3. Where did you get your information about the realities of Croatia prior to coming?
At that point, I stopped keeping track of local news in Croatia. I knew HDZ was in power, Andrej Plenkovic was the serving PM, and there were two weekly flights from Zagreb to Berlin (in case I wanted to run back). But beyond that, I didn’t know much because I had never lived in Croatia for the long haul before.
So in many ways, it felt like moving to a foreign country. After almost a decade spent across the U.S., Norway, and Germany during my formative years, moving back to the Balkans required me to reacclimate to the local ways of being.
I was lucky to know some people here already, so I relied heavily on friends to give me the information I needed ahead and after our move. Of course, I also researched information online across many sources, including TCN.
4. What were you most nervous about making the switch? What was your biggest fear, and what was the reality of what you found?
Job opportunities and economic circumstances at large were my two main concerns. Considering the lower standard of living in Croatia relative to EU members in the west and the north, I knew my best shot was freelancing. As 2020 rolled around, amid the pandemic and a global shift to a new, digital reality, I finally decided to make my side gig my full-time gig. And that is the story of how MP Creative Services, my full-service digital marketing business, was (officially) born.
Currently, MP Creative Services is on the back burner, as I am focusing on a role I took at Five, an Endava company. As a growth marketing specialist there, I work at the intersection of marketing, behavioral economics, data analysis, and product design to drive mobile app growth for some cool U.S. brands.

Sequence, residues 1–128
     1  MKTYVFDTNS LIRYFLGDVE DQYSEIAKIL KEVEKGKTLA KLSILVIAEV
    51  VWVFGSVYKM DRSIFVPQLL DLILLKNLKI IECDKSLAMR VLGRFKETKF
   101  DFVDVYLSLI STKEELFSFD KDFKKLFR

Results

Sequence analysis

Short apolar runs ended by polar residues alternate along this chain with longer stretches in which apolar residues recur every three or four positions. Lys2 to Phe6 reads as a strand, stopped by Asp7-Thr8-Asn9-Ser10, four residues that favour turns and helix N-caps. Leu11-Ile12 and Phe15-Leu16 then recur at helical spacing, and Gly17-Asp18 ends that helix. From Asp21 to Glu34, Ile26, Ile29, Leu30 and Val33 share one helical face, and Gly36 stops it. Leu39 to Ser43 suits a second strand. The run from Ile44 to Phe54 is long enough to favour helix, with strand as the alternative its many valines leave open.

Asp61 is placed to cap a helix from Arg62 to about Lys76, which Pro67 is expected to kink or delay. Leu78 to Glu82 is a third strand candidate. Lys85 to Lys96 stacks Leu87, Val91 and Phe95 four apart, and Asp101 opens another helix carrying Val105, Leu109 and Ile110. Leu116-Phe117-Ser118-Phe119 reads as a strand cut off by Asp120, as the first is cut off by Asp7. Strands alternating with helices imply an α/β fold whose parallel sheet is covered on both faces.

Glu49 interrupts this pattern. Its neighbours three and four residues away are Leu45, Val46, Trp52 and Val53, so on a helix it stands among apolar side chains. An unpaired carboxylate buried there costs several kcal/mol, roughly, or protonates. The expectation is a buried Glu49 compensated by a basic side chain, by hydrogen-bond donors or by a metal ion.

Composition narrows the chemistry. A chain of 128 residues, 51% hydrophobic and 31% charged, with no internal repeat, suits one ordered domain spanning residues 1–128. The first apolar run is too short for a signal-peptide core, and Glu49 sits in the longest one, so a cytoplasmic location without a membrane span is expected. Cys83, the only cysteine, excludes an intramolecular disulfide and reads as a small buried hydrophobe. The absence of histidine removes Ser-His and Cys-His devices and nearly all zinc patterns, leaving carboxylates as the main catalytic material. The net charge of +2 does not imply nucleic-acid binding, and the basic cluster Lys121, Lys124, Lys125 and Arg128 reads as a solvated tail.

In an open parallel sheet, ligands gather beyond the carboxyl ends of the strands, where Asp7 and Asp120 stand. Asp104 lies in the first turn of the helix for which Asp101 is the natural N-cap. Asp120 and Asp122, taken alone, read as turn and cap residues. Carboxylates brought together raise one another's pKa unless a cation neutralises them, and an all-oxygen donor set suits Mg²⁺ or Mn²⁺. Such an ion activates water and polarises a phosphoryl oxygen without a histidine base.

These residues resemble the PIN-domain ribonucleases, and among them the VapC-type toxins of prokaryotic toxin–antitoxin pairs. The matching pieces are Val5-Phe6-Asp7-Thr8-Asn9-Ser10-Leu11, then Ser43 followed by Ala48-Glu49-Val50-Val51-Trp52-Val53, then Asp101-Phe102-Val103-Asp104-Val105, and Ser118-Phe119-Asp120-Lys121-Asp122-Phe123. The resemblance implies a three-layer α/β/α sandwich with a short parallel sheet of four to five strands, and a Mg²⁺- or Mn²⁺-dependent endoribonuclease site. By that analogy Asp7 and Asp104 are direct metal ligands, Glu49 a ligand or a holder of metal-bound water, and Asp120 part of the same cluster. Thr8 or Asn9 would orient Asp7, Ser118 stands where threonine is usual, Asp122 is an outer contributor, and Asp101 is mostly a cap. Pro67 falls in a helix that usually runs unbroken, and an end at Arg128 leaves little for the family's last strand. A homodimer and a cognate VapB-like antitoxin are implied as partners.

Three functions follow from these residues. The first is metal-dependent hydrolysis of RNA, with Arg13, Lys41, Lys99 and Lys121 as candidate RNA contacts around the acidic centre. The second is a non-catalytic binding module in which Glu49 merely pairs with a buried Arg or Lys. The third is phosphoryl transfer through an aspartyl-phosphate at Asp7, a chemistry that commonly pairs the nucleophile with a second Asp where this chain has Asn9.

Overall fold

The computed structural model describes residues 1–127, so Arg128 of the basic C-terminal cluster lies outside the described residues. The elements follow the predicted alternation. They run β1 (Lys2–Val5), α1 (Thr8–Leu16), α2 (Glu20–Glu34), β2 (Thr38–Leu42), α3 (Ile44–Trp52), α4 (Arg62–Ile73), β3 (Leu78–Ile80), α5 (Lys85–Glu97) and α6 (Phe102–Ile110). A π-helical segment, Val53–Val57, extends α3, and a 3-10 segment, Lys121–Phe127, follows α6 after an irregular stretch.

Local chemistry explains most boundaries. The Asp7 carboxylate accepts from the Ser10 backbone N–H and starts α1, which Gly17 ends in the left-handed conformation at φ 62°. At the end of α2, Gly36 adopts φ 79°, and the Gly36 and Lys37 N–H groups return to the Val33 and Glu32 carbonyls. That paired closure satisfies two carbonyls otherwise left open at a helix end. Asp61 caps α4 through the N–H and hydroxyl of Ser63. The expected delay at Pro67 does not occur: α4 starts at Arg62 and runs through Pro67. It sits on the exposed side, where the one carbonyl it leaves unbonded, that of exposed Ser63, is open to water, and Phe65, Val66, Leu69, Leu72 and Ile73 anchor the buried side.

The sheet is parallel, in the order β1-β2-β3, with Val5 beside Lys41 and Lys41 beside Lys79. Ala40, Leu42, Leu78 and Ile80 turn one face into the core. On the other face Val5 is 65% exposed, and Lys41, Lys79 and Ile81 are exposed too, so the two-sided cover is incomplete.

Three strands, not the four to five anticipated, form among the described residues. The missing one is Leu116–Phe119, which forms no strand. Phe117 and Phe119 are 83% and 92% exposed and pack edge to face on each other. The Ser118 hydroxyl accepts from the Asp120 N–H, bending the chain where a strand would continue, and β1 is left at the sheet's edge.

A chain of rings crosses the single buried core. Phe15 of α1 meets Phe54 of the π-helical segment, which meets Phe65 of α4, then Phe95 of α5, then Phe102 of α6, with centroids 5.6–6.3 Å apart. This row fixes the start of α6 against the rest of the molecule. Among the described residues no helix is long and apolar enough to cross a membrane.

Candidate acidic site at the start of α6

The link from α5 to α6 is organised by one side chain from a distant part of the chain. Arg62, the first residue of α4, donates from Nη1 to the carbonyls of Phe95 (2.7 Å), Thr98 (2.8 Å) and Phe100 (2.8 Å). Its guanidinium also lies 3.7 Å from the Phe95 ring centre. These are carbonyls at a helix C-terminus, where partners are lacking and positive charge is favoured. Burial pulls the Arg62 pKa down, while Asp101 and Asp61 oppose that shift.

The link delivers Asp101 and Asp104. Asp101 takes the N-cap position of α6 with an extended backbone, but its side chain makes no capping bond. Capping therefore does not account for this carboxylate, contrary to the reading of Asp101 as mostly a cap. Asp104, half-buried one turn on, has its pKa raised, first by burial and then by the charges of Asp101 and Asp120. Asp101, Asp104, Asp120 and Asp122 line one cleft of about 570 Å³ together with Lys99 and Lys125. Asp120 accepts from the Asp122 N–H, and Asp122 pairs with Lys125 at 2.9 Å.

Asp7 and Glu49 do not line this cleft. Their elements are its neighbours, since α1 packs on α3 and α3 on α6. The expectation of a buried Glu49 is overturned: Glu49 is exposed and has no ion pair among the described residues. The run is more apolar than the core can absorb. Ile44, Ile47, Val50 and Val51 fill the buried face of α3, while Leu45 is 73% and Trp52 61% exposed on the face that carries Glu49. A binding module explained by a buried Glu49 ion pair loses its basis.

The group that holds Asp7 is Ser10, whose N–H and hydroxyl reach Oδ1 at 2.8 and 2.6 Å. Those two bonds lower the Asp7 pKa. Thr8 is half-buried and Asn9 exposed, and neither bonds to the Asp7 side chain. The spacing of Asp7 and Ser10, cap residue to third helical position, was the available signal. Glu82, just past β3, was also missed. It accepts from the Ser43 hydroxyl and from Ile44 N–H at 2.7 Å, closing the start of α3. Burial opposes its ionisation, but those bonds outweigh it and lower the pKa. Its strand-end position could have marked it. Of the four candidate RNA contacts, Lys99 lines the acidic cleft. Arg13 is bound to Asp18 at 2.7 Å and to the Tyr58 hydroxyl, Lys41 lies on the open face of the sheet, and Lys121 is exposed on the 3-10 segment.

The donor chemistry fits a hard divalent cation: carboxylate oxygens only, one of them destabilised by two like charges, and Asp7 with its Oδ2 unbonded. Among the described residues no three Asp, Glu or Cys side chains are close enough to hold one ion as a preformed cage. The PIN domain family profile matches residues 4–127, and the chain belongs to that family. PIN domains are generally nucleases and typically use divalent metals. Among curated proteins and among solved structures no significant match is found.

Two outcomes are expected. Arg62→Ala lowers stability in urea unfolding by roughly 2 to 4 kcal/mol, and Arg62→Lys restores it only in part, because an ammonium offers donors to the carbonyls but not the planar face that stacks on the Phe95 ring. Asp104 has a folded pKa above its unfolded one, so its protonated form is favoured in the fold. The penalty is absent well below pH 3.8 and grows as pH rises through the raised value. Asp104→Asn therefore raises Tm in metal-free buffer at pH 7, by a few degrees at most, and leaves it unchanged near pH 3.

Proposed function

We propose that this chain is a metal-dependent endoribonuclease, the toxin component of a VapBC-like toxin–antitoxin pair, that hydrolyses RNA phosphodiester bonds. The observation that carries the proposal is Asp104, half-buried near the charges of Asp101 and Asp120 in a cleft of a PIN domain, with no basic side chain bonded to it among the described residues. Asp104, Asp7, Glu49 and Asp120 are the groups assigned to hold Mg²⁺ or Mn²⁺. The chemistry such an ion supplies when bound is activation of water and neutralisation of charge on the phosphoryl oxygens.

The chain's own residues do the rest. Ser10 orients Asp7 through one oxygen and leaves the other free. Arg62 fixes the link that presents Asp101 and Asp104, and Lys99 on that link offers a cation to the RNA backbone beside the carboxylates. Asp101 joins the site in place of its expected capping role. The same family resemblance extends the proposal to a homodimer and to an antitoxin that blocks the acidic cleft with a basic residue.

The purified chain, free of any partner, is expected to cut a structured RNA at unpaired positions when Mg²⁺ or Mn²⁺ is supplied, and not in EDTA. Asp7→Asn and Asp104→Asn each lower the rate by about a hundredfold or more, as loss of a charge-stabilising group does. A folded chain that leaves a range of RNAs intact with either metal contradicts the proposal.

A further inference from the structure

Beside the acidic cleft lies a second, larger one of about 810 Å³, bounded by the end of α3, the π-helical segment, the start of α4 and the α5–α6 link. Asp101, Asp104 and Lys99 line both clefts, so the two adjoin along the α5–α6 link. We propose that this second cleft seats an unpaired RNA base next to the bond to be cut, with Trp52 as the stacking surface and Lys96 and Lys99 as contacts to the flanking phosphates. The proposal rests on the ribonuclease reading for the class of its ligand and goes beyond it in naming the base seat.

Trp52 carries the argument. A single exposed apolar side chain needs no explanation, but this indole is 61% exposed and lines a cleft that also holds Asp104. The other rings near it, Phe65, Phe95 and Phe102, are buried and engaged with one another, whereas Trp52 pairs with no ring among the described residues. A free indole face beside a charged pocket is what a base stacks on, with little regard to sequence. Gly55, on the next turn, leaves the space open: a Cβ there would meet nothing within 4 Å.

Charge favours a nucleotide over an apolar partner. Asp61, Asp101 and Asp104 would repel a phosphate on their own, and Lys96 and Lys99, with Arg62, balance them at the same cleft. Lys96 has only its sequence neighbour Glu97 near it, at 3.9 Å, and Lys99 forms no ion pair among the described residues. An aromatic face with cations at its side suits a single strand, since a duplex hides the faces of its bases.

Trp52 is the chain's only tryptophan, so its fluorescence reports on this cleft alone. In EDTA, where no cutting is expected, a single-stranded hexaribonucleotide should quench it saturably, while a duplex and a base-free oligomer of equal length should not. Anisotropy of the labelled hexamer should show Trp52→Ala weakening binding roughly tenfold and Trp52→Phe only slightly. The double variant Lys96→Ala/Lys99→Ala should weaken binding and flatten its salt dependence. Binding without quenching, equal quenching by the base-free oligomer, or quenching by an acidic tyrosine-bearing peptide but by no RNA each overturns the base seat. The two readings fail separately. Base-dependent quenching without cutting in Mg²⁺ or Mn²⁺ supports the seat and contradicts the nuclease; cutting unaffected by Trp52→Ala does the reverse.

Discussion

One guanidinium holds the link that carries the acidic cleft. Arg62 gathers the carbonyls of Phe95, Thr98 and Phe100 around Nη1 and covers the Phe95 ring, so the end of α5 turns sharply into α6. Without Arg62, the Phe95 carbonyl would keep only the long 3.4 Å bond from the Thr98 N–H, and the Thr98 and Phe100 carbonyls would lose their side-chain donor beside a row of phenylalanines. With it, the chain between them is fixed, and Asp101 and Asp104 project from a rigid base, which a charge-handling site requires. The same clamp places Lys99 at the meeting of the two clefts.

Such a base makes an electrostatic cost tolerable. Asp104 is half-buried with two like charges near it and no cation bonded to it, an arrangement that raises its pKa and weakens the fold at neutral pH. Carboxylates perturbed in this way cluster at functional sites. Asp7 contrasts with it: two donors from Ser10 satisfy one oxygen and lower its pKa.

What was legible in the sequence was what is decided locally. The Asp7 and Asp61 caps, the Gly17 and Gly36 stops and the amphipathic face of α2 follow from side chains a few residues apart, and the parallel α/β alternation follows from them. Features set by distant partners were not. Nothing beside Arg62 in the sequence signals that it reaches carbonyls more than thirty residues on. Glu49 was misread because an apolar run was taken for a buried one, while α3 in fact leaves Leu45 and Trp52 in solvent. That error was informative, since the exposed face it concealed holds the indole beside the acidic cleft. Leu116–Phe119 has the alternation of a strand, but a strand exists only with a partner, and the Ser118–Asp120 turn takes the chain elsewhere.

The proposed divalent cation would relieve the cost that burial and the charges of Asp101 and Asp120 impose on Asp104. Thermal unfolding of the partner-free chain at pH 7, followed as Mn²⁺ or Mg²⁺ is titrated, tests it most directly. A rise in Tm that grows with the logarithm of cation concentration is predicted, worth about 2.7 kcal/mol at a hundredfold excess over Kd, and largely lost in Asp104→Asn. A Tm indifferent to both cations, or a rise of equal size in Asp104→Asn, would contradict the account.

5. Think back to the time before you arrived. What were your perceptions about Croatia, and how were they different from the reality you encountered?
“Hercegovac u Zagrebu” was not a cliche I planned on embodying at any point in my life, but I became precisely that when I moved here. The metamorphosis implied developing specific coping mechanisms for when I’m just going about my business and someone starts talking crap about Hercegovci. The funny thing is, when I was younger, I tried to distance myself from that part of my identity as much as possible (probably because of its negative connotation). But as I grew older, I embraced it, and now I find myself defending it against libelous Purgeri — generally, in a playful, joking context.
As an openly gay man, my other big concern was that I did not want to go back into the closet and start denying that part of my identity again — one that I worked so hard on embracing in the first place.
Croatia is a deeply conservative society, with traditional Catholic values at the core of the nation’s DNA. I was worried that I would struggle with that, but I decided never to reduce myself or pretend to be someone else for the comfort of others. I needed to be brave and true to myself at all times. I understood that, with every interaction, I had the opportunity to dispel misconceptions and build dialogue — hopefully, seeing a change of heart in someone every once in a while. This matters to me because it’s not just about me; it’s bigger than that.
To my surprise, I’ve experienced more kindness during my time here than I ever expected from the people of Zagreb and Croatia. It was to the point where I felt like the closed-minded one because of how stubborn I was in the generalizations I made about an entire population. Of course, this does not mean other gay boys/men and girls/women across the country are not suffering injustice and inequality daily. But based on my experiences with people whose paths crossed mine, I am more hopeful about the kind of society we can build for future generations than I have ever been in the past.